We take resources from the earth. We make things out of them for use. And then, we throw away whatever is left. The cost is borne out not only in landfills, but also through emissions, as our consumption fuels the climate degradation.
Shifting a “linear economy” toward circularity requires major changes to business and operating models, supply chains, and B2B and B2C consumer behavior. Yet circular solutions can contribute to a better future. We discuss this “circular economy” in Supp. 5 (see p. 197).
The World Economic Forum recently brought together four industry leaders whose ideas on what it takes to go circular are summarized below:
First exec: For mature companies, the mindset shift means making investments in areas where there may not be imminent business value or impact. For those at the beginning of this journey, it can start with small steps towards replacing existing materials (such as packaging) with more sustainable and economically viable alternatives. These small steps can have huge short-term impacts and set the path toward more systemic changes in the future.
Second exec: Start by developing a clear picture of global end-to-end impact, including supply, production and use of material flows. Embed a circularity mindset and principles across all parts of the company, starting with business strategy, innovation process, capital allocation, HR management and rewards, brand positioning, marketing, etc. Sustainability commitments then become an integral part of a company’s purpose and culture.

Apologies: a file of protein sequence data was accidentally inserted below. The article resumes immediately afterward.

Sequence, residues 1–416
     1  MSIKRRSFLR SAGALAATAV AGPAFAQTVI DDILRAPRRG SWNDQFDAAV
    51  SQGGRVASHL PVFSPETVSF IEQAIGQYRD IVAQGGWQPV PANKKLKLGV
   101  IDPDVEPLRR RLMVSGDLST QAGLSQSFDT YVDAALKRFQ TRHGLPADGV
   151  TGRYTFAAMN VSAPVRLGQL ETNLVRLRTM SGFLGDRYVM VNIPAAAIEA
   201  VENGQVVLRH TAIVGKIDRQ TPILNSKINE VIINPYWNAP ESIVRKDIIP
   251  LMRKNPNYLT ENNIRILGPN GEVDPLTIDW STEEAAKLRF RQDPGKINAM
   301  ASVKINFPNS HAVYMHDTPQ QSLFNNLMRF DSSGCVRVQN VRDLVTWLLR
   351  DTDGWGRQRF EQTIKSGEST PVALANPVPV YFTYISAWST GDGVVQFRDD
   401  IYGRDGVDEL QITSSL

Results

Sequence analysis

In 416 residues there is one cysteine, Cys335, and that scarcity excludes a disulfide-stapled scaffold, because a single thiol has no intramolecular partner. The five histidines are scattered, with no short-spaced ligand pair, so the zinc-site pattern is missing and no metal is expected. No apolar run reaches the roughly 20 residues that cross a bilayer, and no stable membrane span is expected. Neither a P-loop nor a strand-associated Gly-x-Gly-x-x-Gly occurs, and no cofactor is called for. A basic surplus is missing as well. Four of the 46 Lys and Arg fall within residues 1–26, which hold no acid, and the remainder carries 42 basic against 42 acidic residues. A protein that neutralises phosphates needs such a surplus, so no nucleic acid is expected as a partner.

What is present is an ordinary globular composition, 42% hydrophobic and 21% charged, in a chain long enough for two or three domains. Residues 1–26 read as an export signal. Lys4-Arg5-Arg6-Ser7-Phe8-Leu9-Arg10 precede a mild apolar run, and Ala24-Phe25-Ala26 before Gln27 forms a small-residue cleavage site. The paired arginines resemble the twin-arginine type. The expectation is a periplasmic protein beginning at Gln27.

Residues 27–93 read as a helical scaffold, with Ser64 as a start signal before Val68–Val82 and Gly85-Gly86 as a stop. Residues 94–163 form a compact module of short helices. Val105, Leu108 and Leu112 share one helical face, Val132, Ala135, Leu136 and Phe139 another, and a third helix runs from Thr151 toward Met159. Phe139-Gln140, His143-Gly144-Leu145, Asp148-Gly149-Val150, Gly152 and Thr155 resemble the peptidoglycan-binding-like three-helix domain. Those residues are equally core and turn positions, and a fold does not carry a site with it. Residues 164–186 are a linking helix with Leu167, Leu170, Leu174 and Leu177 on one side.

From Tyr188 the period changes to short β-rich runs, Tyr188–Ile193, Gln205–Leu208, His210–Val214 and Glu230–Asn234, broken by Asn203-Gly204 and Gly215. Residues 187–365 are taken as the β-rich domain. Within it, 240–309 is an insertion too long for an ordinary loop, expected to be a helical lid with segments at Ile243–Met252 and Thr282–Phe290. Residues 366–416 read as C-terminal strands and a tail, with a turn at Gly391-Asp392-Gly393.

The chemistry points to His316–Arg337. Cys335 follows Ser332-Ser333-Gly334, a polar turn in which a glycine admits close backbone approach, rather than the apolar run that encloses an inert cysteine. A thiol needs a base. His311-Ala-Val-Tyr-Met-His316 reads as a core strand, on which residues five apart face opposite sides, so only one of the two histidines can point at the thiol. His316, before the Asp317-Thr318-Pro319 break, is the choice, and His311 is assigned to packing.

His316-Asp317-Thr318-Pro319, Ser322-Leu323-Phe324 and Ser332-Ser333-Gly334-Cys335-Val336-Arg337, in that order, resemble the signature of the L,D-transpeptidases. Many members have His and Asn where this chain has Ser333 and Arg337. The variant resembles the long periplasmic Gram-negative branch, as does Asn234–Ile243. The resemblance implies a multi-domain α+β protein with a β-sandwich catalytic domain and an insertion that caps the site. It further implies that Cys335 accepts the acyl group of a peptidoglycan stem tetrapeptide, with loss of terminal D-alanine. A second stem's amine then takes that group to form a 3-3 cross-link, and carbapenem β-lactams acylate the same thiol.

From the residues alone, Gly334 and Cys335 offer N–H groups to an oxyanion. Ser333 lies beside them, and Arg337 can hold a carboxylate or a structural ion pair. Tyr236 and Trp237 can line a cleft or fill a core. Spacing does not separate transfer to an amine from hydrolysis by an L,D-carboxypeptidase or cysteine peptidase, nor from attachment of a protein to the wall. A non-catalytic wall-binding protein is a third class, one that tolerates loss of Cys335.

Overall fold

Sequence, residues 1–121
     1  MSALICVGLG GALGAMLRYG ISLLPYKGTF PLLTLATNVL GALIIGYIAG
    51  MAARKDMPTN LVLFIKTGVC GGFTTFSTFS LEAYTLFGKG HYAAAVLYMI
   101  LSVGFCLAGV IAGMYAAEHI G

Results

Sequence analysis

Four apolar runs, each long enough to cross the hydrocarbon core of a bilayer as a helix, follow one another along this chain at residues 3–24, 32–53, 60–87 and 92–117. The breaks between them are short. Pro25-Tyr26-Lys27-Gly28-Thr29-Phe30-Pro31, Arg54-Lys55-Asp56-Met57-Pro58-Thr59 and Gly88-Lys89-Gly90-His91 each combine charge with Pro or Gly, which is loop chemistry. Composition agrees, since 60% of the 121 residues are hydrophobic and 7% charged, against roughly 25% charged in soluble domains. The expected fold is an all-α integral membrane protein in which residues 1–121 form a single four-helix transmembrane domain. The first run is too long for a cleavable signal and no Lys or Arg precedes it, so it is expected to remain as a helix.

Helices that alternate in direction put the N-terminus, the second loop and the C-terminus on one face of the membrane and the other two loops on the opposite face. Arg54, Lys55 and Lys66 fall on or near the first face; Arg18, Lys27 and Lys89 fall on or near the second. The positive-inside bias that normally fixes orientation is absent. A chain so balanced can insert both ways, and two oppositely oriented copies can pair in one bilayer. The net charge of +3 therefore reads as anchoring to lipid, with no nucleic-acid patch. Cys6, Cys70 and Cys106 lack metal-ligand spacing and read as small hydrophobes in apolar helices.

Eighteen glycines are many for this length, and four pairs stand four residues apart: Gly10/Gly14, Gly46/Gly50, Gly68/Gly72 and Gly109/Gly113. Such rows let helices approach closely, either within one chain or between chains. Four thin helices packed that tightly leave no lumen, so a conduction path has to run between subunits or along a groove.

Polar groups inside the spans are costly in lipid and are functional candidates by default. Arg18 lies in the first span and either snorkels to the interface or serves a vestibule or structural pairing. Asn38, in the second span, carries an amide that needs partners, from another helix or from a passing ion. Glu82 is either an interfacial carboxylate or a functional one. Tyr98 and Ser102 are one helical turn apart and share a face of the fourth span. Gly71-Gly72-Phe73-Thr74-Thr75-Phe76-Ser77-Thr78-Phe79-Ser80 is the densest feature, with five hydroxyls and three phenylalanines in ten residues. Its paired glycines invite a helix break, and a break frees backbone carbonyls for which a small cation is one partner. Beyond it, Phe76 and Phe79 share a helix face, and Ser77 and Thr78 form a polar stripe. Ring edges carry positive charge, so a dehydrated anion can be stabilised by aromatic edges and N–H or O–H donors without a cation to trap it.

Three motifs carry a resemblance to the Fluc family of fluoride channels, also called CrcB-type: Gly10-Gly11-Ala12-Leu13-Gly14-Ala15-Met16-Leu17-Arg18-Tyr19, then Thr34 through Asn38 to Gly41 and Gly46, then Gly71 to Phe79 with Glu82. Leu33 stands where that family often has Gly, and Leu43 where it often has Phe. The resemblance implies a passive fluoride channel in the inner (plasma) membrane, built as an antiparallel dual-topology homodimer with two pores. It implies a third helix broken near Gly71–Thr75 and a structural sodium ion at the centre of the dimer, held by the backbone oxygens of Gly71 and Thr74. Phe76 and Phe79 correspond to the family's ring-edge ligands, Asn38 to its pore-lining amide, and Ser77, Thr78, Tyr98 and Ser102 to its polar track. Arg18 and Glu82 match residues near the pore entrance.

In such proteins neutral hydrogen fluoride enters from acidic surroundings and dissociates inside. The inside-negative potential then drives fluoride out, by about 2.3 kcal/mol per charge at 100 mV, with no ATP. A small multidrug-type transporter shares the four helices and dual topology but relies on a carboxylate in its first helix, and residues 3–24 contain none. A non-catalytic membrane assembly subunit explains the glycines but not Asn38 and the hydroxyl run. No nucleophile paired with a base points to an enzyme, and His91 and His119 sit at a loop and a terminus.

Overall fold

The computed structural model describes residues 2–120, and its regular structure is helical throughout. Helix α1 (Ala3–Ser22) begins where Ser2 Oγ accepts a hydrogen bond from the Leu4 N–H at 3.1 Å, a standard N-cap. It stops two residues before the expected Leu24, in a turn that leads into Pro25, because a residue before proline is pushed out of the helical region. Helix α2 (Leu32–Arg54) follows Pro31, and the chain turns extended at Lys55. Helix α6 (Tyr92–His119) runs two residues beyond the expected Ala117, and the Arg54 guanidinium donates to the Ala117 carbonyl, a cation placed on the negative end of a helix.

Third exec: It is important to look at your pillars and targets day by day. Success isn’t measured overnight, and each milestone resets with a new target. Staying committed to the course is what ultimately changes behaviors and mindsets and garners results. Five key pillars underpin the strategy: (1) understanding organizational resource flows to reduce waste; (2) implementing internal systems to maximize the value of resources: (3) supporting supply chain to progress towards circularity; (4) engaging with customers to help them make circular choices; and (5) supporting innovation to accelerate the global transition to a circular economy.
Fourth exec: The transformation spans decades, so there is a “before” the transformation, but not yet an “after”. To start the transformation, it will help to define circular objectives for the company overall as well as for all areas of the company, so all areas of the company can contribute. Attention has to be paid to sustainability and circular economy. Messaging has to be consistent and repeated by line management.
Classroom discussion questions:
- How has a company you are familiar with moved towards circularity?
- Summarize the key points of the executives quoted.
By: Barry Render
Title: OM in the News: What It Takes to Go to a Circular Economy
Sourced From: heizerrenderom.wpcomstaging.com/2021/10/24/om-in-the-news-what-it-takes-to-go-to-a-circular-economy/?utm_source=rss&utm_medium=rss&utm_campaign=om-in-the-news-what-it-takes-to-go-to-a-circular-economy
Published Date: Sun, 24 Oct 2021 01:01:32 +0000
Did you miss our previous article...